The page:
: Tuesday December 14, 1999
Rail Safety: Flawed Risk Perceptions Are Leading Human Factor in Railroad Grade Crossing Crashes; Metrolink Warns Motorists to Always Expect a Train
Metrolink advises Southern Californians to use caution while driving during this winter season as most highway-rail crossing incidents occur during the months of December, January and February.
Recent railroad grade-crossing tragedies highlight the need for continued efforts to end the loss of life at intersections. The number of railroad crossing collision fatalities increased last year in California. Winter months remain the time when Southland motorists are most likely to be involved in these incidents.
Metrolink safety officials note that the stresses of the winter season and inclement weather can distract a driver from practicing common safety measures at railroad crossing intersections. The situation is complicated by the public's flawed perception of their risk of being injured or killed at railroad crossings. Unfortunately, this inattention can result in needless tragedy.
California statistics indicate that 32 collisions resulted in fatalities in 1998, ten more than in 1997. However, Metrolink's fatality incidents have declined over the last year. Metrolink has recorded one fatality this calendar year. Metrolink recorded a total of 13 fatalities in 1998 and 16 in 1997.
``We can help eliminate highway-rail collisions if we remember a few simple safety precautions and to always expect a train,'' David Solow, Metrolink 's Chief Executive Officer said. ``Any fatality is one too many.'' The challenge is to change the Southern California mindset to always expect a train.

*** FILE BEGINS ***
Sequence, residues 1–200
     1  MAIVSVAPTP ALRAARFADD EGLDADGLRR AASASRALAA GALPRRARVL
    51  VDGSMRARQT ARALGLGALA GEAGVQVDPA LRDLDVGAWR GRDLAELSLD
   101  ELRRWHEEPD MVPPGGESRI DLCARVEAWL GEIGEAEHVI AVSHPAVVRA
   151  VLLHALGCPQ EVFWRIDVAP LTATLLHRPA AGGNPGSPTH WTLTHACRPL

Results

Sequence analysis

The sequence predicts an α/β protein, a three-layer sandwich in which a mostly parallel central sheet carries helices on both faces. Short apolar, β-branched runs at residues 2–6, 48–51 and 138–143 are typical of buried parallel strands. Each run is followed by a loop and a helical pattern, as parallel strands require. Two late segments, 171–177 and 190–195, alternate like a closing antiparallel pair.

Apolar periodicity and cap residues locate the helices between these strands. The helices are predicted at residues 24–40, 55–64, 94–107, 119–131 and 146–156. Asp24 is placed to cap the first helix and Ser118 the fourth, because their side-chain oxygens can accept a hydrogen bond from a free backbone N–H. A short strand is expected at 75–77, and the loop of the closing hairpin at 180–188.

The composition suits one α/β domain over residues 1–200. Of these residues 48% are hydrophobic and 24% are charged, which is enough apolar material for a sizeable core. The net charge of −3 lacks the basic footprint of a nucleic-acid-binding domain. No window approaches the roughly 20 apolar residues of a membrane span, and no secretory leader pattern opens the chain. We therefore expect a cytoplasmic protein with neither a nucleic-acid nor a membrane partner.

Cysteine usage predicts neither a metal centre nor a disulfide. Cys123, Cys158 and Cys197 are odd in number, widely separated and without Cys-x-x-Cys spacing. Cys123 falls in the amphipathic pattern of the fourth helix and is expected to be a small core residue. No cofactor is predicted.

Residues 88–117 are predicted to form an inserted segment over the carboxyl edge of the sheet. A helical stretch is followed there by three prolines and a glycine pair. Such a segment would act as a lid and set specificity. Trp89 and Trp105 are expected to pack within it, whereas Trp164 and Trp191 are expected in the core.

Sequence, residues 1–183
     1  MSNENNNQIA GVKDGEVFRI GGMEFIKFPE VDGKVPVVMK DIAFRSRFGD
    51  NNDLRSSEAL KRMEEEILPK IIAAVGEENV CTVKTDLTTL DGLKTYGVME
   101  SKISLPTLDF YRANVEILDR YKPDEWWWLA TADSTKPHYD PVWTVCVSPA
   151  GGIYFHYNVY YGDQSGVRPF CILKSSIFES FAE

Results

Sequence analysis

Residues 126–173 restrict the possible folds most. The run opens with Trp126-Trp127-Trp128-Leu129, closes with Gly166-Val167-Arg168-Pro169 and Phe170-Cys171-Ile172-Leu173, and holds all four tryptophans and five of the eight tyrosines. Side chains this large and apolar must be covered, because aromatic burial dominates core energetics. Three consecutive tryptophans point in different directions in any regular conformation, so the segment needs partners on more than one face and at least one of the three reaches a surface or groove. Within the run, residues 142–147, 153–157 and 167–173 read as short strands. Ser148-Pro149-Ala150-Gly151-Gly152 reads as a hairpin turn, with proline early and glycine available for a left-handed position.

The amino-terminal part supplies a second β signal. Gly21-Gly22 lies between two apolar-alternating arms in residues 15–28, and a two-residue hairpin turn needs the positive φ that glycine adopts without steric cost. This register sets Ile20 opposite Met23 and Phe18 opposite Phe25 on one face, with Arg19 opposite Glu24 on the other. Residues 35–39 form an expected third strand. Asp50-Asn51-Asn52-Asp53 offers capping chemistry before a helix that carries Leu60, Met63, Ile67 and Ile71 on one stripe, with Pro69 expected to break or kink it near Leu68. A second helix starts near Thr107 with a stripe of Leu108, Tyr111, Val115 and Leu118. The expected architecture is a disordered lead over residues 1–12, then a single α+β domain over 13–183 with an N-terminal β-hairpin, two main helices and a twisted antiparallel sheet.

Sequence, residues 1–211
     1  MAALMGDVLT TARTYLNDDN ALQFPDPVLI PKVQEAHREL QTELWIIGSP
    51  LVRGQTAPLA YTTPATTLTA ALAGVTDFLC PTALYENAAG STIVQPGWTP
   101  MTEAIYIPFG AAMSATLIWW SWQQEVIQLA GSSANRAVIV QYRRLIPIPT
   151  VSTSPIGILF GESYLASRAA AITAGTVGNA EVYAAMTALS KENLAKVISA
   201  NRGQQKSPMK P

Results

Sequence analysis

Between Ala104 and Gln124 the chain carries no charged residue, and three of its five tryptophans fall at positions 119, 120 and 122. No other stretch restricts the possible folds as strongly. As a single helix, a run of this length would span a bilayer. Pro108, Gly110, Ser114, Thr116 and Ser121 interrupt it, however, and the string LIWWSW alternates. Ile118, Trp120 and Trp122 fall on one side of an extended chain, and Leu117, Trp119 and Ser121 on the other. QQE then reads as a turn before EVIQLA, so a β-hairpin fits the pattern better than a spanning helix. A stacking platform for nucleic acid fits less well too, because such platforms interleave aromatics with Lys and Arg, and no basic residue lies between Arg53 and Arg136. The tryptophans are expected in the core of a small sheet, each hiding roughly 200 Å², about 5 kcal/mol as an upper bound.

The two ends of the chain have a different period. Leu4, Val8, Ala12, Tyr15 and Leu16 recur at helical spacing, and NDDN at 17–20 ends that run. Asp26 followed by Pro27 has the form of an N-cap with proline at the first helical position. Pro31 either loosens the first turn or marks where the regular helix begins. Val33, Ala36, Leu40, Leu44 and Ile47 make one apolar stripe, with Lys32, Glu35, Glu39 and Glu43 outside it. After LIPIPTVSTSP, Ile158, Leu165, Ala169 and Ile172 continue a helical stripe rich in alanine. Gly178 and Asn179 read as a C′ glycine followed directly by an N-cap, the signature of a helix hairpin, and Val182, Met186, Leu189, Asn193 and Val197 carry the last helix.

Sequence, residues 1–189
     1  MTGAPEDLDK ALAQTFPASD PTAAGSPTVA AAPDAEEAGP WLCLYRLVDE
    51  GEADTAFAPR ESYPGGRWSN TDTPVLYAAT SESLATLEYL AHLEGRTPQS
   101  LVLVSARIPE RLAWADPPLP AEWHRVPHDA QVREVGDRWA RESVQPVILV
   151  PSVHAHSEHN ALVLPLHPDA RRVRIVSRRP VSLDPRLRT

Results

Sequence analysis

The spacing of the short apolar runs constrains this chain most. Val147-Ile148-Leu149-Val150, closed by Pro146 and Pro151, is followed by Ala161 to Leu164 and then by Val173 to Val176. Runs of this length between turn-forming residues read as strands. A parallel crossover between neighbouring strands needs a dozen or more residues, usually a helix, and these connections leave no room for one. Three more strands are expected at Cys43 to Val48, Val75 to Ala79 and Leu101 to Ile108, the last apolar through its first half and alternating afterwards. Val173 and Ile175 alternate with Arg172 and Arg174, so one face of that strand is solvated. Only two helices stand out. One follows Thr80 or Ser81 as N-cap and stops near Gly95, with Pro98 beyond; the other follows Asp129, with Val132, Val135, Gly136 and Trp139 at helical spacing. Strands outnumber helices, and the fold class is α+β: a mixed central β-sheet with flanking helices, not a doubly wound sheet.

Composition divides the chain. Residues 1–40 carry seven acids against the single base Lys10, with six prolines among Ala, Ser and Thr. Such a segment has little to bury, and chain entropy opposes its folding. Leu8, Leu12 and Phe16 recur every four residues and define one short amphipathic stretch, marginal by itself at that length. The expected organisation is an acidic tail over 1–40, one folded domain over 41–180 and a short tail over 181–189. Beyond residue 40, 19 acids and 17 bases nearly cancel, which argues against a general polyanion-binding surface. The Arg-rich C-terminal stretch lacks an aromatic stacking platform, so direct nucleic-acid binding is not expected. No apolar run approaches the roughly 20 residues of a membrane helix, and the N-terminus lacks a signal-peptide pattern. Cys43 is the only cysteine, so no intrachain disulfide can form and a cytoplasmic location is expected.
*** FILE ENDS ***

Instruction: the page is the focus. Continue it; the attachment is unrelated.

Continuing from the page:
Metrolink employees work every day to eliminate deaths and injuries at crossings. Research reveals that the public does not see trains as especially dangerous or life threatening. The majority of younger respondents had never even been on a train.
The report indicated that if warning signals are flashing and no train is clearly in sight, drivers assume it has left the scene or is still far in the distance -- some people estimated trains to be 20 miles away.
``We want Southlanders to know that they should 'Always Expect a Train' at the crossing. In fact, in the US, approximately every 115 minutes a train collides with a person or a vehicle,'' Solow said. ``A motorist is 40 times more likely to die in a collision with a train than in a collision with another motor vehicle because of the speed and power of the train compared with the vehicle -- there is no contest. The personal car fares as well in a contest with a locomotive as a soda can does when placed beneath the wheel of a car -- very little remains but a sliver of aluminum.''
The ultimate goal of Metrolink, through a partnership with the rail safety organization Operation Lifesaver Inc., is to eliminate highway-rail.
For rail safety tips visit the Metrolink Web site at www.metrolinktrains.com or the Operation Lifesaver Web site at www.oli.org.
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